To build a house, you need materials such as bricks, tiles, and shingles. But making those materials uses a lot of energy, which generates carbon pollution.
If a building is later demolished and those materials end up in a landfill, the energy that went into making them is wasted.
So instead of demolishing condemned homes, the city of Pittsburgh plans to start deconstructing them. In a pilot program, city-owned properties will be taken apart so some materials can be salvaged and re-used.
“We are able to benefit the environment by keeping materials out of the landfill … then removing the need to create more materials because we already have plenty that exist,” says Alicia Carberry, an operations assistant for the city.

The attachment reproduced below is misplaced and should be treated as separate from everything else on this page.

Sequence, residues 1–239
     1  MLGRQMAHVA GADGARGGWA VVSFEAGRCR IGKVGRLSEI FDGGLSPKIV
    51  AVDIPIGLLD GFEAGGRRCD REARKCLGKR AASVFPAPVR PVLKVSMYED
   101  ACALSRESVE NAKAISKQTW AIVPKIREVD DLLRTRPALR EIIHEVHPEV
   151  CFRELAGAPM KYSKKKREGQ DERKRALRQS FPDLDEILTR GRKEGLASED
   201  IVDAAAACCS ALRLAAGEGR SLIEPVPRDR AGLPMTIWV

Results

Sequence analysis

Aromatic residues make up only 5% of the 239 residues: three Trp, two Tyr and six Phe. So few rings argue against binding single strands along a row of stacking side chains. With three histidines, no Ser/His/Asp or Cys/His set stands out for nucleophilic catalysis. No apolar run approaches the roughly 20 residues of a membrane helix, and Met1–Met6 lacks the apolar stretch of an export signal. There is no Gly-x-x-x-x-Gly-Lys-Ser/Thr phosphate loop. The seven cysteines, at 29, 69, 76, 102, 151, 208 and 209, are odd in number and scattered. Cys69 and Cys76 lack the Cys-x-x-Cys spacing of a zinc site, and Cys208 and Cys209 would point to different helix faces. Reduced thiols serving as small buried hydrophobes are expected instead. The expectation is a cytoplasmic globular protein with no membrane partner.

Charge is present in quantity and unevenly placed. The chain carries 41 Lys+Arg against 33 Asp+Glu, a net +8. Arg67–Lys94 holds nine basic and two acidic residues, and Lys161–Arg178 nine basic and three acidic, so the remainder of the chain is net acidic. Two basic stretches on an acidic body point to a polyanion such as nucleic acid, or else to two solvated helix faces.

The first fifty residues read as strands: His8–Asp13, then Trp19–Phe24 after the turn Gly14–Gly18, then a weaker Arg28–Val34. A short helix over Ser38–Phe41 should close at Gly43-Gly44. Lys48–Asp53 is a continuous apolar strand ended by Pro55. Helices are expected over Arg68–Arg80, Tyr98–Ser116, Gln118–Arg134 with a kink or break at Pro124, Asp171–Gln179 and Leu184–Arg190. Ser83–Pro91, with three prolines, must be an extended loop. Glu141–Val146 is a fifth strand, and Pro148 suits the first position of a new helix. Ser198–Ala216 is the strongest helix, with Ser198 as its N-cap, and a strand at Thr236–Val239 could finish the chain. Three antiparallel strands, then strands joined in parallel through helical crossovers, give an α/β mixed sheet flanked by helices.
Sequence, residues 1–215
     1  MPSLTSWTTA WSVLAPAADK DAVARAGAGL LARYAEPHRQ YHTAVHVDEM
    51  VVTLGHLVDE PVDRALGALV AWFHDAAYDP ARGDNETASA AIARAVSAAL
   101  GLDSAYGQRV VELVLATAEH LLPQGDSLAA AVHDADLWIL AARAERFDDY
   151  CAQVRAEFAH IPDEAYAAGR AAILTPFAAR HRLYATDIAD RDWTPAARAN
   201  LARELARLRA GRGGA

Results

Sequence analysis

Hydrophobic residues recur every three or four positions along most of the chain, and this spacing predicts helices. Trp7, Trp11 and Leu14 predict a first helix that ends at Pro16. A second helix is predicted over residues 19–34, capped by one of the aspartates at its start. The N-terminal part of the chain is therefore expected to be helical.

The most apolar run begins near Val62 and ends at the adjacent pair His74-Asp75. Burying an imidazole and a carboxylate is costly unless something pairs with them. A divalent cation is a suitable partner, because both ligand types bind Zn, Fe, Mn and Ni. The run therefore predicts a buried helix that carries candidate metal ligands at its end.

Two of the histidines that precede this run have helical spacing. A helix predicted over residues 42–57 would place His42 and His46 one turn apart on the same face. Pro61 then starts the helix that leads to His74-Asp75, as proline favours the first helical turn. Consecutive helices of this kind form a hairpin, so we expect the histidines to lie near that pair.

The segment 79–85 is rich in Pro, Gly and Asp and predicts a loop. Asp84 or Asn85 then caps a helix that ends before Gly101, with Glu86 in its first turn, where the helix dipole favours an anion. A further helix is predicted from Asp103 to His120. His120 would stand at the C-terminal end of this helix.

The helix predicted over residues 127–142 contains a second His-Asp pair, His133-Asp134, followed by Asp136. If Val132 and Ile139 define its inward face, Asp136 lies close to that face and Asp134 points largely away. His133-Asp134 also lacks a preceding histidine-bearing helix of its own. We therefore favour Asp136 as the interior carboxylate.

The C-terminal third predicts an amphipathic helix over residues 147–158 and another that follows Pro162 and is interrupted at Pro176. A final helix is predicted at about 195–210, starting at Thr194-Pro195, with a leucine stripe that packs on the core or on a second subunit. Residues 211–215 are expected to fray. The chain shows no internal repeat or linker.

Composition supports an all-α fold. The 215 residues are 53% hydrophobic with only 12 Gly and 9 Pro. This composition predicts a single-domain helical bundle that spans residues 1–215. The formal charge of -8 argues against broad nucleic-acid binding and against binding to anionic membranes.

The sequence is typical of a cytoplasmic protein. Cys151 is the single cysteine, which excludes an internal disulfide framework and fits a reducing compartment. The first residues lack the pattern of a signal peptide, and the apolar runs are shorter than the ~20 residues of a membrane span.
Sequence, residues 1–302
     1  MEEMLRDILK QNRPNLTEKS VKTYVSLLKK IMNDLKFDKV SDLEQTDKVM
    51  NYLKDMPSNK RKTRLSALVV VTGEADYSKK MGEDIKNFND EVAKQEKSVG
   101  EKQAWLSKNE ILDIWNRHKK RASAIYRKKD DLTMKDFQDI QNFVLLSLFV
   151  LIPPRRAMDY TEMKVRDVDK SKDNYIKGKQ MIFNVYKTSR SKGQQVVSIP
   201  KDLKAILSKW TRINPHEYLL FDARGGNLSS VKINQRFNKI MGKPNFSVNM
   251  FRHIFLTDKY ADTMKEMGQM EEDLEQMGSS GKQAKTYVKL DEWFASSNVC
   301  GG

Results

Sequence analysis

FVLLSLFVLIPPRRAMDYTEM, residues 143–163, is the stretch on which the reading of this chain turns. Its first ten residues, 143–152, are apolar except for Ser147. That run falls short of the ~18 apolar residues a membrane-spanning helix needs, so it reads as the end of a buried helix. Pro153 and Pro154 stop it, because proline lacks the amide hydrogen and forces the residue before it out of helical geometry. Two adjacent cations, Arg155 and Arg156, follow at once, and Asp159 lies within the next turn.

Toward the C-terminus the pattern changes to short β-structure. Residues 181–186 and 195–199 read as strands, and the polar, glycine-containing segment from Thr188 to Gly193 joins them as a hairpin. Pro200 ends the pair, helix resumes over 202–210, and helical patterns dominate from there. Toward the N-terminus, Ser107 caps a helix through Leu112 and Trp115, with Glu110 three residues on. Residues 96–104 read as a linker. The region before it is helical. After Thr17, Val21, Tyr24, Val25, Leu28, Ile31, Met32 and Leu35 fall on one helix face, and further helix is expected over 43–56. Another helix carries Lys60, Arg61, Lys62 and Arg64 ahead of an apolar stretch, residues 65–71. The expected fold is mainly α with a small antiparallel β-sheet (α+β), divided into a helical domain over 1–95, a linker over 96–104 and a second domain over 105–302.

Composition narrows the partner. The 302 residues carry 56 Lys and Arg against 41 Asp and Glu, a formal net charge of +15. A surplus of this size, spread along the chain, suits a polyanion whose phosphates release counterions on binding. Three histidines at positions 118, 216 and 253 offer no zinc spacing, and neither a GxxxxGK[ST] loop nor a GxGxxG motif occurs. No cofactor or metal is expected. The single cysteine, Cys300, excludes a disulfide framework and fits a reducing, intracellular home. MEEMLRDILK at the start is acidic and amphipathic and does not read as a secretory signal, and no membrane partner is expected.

She says the benefits go beyond the environment. Deconstruction is done step by step, like construction in reverse.
“Since this process is done by hand, it takes more people to do the work,” Carberry says. “So we can literally create jobs with this and make those jobs known to the neighbors where the number of abandoned, condemned homes are the most prevalent.”
So she says deconstruction can help communities and the climate.
Reporting credit: Stephanie Manuzak/ChavoBart Digital Media